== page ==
In an interview with Bloomberg Germany, Apple co-founder Steve Wozniak said Microsoft’s Windows Phone and tablet operating systems will gain “enough critical mass to keep going with their tablets and phones.” By this time, I had expect Windows Phone to have a larger market share, and I am having a hard time sharing Mr. Wozniak's optimism.
Windows Phone. Data from IDC shows that in Quarter 4 of 2012, Windows Phone accounted for just 2.6% of the mobile phones shipped worldwide. Thus is up from 1.5% in the Quarter 4 of 2011. The numbers are not all that encouraging.
The 2.6% figure for the 4th quarter of 2012 represents 6 million smartphones. Another problematic figure is connect to this modest number. Of the 6 million Windows Phone smartphones shipped in Quarter 4 of 2012, 4.4 million were apparently Nokia Lumia phones.
With Samsung and HTC having to share in the remaining 1.6 million phones shipped, there seems to be little incentive for them to continue. Still HTC has had a long history as a Microsoft partner, and Samsung is getting bigger in the PC business.
If Windows Phone is going to gain traction, it would have to do so in Quarter 1 of 2013. The current Windows Phone devices are four or five month old designs, which I do not expect to see update for another seven or eight months. By Quarter 2 of this year, you can expect the new Android phones to cause a surge in Android phone sales. Later in the third or fourth quarter of the year, a new iPhone will see a increase in iPhone sales.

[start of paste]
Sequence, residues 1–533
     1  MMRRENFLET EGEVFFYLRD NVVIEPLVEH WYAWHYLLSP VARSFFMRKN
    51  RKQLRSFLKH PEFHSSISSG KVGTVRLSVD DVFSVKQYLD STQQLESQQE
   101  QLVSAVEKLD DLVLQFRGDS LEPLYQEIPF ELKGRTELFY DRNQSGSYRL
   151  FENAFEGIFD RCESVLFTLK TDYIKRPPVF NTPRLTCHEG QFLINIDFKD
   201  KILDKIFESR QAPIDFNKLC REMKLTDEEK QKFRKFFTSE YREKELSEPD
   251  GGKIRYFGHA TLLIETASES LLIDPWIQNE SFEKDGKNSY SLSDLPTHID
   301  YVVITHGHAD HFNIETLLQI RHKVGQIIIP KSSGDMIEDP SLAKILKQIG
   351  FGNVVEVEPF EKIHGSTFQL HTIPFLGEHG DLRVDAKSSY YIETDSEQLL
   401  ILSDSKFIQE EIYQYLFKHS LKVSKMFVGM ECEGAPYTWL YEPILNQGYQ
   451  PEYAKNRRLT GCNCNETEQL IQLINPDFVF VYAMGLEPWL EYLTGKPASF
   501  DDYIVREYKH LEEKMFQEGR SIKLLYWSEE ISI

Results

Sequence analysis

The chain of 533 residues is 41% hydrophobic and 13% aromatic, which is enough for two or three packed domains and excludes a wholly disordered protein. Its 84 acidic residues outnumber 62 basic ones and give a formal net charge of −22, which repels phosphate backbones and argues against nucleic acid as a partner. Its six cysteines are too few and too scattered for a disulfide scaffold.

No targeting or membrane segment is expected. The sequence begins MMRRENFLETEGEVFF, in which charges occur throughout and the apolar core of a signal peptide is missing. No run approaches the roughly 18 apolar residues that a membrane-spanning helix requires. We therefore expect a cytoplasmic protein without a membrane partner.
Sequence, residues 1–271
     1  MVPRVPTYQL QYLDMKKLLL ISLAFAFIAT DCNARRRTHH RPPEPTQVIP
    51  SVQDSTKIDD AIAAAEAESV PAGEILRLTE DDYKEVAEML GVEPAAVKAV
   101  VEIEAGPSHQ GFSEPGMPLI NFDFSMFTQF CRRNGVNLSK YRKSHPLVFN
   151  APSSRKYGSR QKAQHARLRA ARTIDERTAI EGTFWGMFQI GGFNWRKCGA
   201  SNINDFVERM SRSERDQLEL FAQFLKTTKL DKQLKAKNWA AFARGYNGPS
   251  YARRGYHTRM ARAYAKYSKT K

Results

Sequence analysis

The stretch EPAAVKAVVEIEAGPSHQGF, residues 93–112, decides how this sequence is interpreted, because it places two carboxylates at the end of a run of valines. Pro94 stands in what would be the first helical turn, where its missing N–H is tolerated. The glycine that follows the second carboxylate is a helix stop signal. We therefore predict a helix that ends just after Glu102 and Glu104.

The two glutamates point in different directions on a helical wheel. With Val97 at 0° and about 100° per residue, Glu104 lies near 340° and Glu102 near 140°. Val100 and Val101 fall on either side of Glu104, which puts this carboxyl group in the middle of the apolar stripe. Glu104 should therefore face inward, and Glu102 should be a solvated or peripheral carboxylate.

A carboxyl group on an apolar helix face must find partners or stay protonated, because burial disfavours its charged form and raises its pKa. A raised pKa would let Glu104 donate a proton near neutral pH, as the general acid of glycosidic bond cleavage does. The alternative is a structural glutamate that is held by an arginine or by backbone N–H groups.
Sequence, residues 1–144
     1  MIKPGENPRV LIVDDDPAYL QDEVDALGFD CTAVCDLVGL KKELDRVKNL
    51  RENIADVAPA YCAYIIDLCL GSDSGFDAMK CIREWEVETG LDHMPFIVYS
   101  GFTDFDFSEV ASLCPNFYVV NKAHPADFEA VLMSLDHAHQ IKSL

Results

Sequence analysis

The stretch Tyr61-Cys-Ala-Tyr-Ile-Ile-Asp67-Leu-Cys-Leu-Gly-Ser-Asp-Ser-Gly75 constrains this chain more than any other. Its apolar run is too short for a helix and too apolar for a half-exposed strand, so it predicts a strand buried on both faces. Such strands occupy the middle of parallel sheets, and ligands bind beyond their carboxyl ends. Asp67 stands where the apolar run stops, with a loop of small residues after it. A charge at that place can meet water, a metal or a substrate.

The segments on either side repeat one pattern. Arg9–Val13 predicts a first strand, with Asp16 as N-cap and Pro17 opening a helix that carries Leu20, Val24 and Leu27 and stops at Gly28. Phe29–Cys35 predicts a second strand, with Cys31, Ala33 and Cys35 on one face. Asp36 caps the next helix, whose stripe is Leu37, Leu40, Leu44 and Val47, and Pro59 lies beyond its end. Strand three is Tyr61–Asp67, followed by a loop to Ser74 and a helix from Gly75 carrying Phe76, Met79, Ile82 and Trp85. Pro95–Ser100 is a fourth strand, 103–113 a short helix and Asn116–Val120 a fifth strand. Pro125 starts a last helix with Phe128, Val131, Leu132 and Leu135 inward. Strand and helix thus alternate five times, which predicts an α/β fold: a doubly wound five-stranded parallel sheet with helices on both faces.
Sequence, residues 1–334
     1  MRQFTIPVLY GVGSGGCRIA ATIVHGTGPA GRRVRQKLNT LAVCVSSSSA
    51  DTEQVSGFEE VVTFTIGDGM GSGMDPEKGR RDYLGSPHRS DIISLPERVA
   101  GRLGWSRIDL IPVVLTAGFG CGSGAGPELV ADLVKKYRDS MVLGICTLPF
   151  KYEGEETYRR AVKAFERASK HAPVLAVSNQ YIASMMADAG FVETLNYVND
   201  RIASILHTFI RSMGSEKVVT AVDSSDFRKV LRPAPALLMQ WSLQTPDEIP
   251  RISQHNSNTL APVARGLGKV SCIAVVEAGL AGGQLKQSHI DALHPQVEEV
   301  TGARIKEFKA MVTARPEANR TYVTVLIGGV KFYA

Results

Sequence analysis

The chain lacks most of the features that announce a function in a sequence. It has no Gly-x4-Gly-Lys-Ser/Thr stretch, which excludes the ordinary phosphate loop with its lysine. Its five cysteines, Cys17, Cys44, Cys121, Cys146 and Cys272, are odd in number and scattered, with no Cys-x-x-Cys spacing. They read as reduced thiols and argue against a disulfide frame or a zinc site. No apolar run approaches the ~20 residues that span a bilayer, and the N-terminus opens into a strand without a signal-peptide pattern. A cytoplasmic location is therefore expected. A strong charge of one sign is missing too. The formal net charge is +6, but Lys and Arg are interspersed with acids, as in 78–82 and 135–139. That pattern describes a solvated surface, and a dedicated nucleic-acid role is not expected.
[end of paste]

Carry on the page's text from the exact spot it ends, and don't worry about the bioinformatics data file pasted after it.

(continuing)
Should Quarter 1, 2013 sales of Windows Phones be lackluster, developers will have to decide if Windows Phone is worth it, given that the last quarter of 2012 and the first quarter of 2013 are likely the peak period for Windows sales.
Windows RT. Windows RT would appear to be in worse shape. Few of Microsoft OEM partners came out with RT devices. Total Windows RT device sales for 2012 appear to be less than 1 million units.
Worse, Windows RT seems now to be a superflous operating system. Windows RT was designed to run on ARM processors. But Windows RT plus ARM processors do not seem to offer any advantages over full Windows 8 tablets running on Intel Atom processors.
So, rather than trying to rake on iOS and Android in the tablet market, it would seem that Windows RT's number one competition is actually Windows 8.
So where does it go from here? Between Microsoft and Nokia Windows Phone will continue to exist for foreseeable future. Nokia is actually making money on selling phones again. What would kill Windows Phone quickly, is if Nokia decided to release Android devices. In the longer term, it will be developer support which will keep this platform alive, or end its life.
As for Windows RT, I would not be surprised if we do not see another Windows RT device released ever again.